Is it really a bargain?
Once upon a time, the “skint” reason made sense. If my work shoes broke and there was only enough money for bills and a spare £12, I couldn’t go out and buy patent leather brogues. Buy I could by something for £9 that would get me through until the next payday, or maybe the next three. I had all the different shoe glues, and I could hand-stitch repairs like a pro. I did what had to be done. I also did what I though I deserved. How could I spend big money on something as frivolous as fashion? I felt embarrassed to spend money on myself in that way.
But now that the insanity of my teens and 20s are over and life is much more secure and stable (in every way), why am I buying things that I know won’t last? Many people are still in that position, and having been there I know how wonderful it is that there are budget places to buy clothes. And, to be fair, I still have some £5 items that have lasted for years. It’s a gamble, and sometimes it’s a necessity.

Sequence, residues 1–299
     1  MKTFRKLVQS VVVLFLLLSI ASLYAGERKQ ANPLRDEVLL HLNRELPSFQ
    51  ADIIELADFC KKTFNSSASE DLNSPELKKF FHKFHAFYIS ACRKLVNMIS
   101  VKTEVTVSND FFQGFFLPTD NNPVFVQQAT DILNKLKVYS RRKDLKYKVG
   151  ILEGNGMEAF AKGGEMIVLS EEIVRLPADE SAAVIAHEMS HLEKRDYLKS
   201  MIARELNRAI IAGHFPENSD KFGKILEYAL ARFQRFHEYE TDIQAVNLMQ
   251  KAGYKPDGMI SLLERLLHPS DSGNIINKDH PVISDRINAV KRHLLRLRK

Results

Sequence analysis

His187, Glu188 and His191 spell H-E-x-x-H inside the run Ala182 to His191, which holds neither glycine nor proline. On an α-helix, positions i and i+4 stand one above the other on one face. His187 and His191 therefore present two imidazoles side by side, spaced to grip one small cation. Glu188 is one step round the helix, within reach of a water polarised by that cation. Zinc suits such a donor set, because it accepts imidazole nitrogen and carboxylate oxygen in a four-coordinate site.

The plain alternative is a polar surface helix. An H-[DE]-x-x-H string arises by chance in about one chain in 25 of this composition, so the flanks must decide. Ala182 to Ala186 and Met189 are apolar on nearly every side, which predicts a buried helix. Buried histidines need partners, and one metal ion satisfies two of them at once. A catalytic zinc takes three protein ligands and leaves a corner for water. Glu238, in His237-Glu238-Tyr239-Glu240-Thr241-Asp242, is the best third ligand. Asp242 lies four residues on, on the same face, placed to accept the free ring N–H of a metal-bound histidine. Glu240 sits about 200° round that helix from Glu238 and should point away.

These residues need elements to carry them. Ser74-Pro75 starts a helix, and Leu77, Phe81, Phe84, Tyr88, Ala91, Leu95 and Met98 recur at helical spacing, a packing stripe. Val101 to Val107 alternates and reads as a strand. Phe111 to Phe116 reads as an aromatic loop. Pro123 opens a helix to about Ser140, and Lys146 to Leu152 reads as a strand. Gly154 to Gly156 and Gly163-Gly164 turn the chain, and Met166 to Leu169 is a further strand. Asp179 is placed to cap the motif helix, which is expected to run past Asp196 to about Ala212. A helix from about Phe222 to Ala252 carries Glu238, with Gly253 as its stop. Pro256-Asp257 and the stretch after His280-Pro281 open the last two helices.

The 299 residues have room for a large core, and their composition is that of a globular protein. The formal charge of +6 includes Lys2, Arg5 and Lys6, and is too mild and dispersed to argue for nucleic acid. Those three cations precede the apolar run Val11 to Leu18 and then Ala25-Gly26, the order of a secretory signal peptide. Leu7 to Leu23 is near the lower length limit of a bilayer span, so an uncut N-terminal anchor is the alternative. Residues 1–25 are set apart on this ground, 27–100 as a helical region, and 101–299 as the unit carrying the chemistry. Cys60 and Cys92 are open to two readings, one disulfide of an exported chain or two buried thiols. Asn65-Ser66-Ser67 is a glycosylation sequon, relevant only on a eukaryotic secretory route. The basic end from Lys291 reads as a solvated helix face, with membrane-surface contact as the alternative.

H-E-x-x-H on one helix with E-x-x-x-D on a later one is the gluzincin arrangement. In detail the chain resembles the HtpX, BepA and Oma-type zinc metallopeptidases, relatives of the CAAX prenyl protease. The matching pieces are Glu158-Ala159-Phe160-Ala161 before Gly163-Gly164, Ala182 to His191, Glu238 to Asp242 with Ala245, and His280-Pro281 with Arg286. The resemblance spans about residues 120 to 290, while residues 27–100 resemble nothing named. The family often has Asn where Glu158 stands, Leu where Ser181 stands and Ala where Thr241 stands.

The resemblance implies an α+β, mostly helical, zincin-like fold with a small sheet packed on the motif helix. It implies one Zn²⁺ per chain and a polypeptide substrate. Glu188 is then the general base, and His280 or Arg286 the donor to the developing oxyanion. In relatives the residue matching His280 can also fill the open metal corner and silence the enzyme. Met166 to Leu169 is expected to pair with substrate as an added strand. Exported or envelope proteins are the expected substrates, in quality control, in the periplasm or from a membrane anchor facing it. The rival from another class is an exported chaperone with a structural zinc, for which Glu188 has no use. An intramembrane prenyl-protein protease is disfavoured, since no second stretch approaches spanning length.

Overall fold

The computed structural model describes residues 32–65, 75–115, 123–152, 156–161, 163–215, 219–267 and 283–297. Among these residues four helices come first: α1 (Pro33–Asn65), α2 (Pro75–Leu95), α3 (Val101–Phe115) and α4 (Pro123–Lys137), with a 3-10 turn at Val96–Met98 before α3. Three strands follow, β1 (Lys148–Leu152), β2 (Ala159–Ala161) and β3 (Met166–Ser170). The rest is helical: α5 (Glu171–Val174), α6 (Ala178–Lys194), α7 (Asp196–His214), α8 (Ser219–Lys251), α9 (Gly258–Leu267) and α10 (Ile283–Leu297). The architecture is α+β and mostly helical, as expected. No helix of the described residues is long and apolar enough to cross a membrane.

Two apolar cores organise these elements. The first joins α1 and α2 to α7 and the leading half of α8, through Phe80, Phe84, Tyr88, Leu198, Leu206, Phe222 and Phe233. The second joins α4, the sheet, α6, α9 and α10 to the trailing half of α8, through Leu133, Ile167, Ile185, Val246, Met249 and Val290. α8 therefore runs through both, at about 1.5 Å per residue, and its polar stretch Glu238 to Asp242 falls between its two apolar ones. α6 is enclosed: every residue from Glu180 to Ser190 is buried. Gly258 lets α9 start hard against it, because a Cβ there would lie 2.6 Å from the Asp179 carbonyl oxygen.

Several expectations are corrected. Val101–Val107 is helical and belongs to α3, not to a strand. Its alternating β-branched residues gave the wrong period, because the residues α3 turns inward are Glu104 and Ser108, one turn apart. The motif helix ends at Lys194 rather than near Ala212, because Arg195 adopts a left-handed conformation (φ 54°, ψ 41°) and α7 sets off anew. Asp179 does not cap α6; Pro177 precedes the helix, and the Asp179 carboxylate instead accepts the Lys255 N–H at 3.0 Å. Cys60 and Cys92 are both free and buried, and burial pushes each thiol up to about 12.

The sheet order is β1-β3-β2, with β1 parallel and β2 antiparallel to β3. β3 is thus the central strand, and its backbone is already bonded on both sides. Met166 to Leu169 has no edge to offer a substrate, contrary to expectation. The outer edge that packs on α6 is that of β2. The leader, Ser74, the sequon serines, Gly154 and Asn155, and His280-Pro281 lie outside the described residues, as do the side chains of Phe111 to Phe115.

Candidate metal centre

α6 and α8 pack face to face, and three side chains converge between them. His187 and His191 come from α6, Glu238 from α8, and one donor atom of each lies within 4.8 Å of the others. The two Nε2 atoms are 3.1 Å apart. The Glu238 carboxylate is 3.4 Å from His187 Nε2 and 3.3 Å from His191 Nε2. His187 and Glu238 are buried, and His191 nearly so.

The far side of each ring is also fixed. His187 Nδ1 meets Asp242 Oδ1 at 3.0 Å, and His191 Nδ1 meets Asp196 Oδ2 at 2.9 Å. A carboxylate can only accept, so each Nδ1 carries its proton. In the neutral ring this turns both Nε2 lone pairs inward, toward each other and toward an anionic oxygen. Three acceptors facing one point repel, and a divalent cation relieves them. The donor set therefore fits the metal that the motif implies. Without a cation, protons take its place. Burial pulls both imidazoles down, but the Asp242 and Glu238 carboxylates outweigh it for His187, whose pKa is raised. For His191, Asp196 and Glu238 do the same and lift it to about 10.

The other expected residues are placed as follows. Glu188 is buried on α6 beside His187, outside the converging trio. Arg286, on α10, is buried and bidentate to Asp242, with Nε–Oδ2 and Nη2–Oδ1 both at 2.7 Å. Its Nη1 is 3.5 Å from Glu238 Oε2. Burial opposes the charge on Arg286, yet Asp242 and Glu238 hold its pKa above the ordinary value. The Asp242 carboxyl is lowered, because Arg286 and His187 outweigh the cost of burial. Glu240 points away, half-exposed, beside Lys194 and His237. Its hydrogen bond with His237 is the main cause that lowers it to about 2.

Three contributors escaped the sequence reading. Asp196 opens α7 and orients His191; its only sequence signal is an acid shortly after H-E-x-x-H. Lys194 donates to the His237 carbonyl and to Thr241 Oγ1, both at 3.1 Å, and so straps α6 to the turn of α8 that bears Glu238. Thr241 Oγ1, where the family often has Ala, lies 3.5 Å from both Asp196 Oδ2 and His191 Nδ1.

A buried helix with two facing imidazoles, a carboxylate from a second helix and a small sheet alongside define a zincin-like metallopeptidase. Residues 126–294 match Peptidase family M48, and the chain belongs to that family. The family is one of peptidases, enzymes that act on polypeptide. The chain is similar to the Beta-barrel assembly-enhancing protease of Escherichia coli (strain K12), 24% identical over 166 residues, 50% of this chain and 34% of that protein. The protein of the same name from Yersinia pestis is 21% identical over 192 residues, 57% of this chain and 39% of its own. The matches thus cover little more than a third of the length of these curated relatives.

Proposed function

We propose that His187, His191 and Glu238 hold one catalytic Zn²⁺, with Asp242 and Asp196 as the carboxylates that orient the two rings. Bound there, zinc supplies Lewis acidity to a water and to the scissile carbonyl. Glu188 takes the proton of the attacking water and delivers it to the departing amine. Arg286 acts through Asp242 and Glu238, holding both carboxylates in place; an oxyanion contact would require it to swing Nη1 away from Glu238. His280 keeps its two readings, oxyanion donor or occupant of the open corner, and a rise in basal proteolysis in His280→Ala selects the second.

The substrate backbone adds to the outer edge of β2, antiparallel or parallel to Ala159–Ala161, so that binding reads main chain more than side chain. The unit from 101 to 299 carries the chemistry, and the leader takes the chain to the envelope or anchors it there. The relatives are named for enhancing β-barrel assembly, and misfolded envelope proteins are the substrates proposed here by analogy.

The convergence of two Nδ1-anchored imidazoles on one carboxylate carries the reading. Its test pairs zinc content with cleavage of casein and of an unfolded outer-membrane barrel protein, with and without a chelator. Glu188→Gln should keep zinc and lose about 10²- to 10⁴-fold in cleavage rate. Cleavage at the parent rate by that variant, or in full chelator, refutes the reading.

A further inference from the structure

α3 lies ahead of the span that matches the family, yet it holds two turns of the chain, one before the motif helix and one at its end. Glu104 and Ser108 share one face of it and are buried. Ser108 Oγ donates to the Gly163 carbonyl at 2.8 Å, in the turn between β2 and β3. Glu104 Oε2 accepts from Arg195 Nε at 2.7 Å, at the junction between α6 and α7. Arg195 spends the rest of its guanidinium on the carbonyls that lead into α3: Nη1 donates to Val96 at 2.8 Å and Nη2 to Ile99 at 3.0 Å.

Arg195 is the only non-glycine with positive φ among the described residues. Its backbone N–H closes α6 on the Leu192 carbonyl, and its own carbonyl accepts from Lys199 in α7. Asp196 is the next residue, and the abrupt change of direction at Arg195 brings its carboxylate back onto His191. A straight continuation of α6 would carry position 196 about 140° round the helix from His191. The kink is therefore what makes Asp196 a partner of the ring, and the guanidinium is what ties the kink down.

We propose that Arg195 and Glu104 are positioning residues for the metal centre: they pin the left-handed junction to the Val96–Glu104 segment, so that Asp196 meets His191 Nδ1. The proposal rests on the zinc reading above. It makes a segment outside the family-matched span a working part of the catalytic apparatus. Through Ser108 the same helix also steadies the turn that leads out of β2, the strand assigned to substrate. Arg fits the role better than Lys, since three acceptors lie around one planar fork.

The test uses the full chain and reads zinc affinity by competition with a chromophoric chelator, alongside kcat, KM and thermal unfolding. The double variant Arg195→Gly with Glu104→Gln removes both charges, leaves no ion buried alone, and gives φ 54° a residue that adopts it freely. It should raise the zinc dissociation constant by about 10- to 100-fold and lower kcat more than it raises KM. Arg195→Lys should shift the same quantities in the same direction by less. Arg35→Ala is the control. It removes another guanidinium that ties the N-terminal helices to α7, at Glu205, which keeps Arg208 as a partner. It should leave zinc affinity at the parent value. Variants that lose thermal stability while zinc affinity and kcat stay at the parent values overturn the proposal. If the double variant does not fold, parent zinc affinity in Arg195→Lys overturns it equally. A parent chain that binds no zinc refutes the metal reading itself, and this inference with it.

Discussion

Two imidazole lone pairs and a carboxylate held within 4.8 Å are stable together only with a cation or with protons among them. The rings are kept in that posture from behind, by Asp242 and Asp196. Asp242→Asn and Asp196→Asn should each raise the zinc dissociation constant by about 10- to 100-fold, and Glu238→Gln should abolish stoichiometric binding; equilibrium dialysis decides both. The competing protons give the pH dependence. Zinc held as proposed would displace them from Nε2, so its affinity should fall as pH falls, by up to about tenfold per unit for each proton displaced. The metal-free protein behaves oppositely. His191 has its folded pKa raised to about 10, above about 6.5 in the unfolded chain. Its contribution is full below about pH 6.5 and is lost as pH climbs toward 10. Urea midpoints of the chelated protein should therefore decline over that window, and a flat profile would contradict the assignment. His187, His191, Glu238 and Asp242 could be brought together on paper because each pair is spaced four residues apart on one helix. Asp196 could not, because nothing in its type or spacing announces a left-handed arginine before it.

Now I want to think more about everything that I buy. The most recent item in my collection is a pair of boots for work. Three cheaper pairs I bought fell apart in the first week (I won’t name the high street store). So I went looking for something more dependable. I came across the Schuh 365 day returns. Most of my shoes only last a few months. Every time I throw a pair away (or put them in a shoe recycling bin when I can find one), it just feels uncomfortable. And that’s not just because I’m in new shoes.
It’s hard to resist a bargain, but if I can’t rely on it to last, maybe it’s not a bargain after all.